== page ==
Original musical rocks theater festival

Kristen Halsey

When I traveled to the University of Illinois over my break for the Kennedy Center American College Theatre Festival, I was looking forward to seeing some of the amazing talent in the region.

What I was not expecting was to be blown away with an original musical. Ball State University’s production of “The Circus in Winter,” based on the book by Cathy Day, is one musical I expect to go all the way and become very successful; it might even make it to Broadway.

This musical was created by a group of students who study at the Virginia B. Ball Center for Creative Inquiry. The B. Ball Center students, with faculty leaders, explore the connections among the arts, humanities, science and technology.

Through the course of a semester, they create and illustrate using their collaborative research and interdisciplinary study to create a product that is then shown to the community. For “The Circus in Winter,” they decided to create a musical based off of the novel.

With the skeleton of the musical in place at the end of the semester, they spent the next three years, with the help of the professors at Ball State University and former alum, creating a musical that was a fantastic piece of art to watch.

The story takes place in Lima, Ind., in the spring of 1896 and through the following year. It follows the journey of a simple country-man named Wallace Porter, played by Andy Pickerill, who travels to New York City with his cousin Emory, played by Ethan Litt, to go see a circus.

At the circus, Porter falls in love with Irene when they first meet. In the course of one song, “If I Could Know You,” Irene moves to Lima with Porter to start a family and live a simple life.

Tragedy strikes when Irene suffers an illness when she becomes pregnant and dies shortly after they begin to build a life together.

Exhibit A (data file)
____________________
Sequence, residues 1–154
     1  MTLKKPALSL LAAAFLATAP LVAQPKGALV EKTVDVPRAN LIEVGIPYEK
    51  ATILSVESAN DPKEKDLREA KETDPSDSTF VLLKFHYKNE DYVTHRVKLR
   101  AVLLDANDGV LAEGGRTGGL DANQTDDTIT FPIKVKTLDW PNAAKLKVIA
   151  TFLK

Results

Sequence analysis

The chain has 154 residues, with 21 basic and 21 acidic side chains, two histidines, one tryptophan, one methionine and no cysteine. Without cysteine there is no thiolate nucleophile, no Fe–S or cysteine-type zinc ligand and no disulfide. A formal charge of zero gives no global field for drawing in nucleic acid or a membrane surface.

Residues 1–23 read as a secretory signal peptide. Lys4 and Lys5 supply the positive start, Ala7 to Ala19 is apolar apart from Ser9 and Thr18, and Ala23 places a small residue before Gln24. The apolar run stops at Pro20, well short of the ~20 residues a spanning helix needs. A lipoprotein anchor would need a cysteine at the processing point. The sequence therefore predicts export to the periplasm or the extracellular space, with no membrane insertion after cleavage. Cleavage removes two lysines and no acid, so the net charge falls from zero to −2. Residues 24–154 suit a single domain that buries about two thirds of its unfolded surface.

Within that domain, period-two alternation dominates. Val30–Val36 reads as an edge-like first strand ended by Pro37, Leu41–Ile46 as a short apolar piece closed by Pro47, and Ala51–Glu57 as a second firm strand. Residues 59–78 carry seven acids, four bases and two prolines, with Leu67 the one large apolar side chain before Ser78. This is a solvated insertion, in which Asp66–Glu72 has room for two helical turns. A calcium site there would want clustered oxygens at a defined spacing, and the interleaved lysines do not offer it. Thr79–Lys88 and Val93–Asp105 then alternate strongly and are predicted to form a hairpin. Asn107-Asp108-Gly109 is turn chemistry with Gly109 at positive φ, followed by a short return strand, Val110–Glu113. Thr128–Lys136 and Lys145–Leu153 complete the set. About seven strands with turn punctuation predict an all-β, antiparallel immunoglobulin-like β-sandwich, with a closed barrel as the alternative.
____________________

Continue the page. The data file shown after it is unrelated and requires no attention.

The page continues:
Porter is left to pick up the pieces of his life when a ring master, Clyde Hollenbach, played by Jessie Vetters, brings his circus through Lima. Hollenbach has become too old to run the production so he sells the circus to Porter who is eager to rebuild the circus back to its glory days.

There were moments while watching this musical that I forgot it was a college production. The quality of the acting and singing by the ensemble blew me away and I was captivated by this show from the very first number.

There were two memorable characters outside of Porter.

One was the character of Jennie Dixianna. She is a circus performer and gypsy who is caught in an abusive relationship with the elephant trainer, Jack.

Jennie and Porter start to fall for each other and help each other try to pick up the pieces of their lives. Jennie is still caught in her relationship with Jack and finds herself in a triangle in which her way out turns tragic. One of my favorite songs in the musical was her song, “Recognition,” when you start to see her struggle.

Pearly, played by Lakecia Harris, is a girl who lives with the circus and connects with the elephant, Cesar. She delivers an astounding performance that leaves you connected and especially tugs at your heart strings with her song, “Elephant’s Eye.”

Harris went on at the convention to become the alternate for the national Irene Ryan Scholarship Competition, a most well-deserved title for this amazing performer.

The music of the show has a lot of folk style to it that you don’t hear in a lot of new musicals these days. It also included some scatting and ballad styles. But, with every developing musical there are always improvements to be made. The issue I had with the music was that it tended to be a bit repetitive, but not enough to distract you from the show.

When you first walk into the theater you do not see a curtain waiting for a set to be revealed at the start of the show, you see a set that looks like the skeleton of an abandoned barn with one small, transparent piece of fabric. This first visual is one that caught my attention immediately.

The set was designed by brothers who won the award for the design in the Kennedy Center American College Theatre Festival Region III closing ceremony. Awards at KCACTF are presented for accomplishments throughout the region for designs and acting from university theater students.

Overall, the show is great but it has so much potential to be greater. I feel lucky to be one of the first audiences to see this musical. I highly recommend going if you hear about a production of “The Circus in Winter” and are able to see it.

It is, by far, one of the best musicals I have seen lately. I can’t wait to see how much they improve and see how far it goes.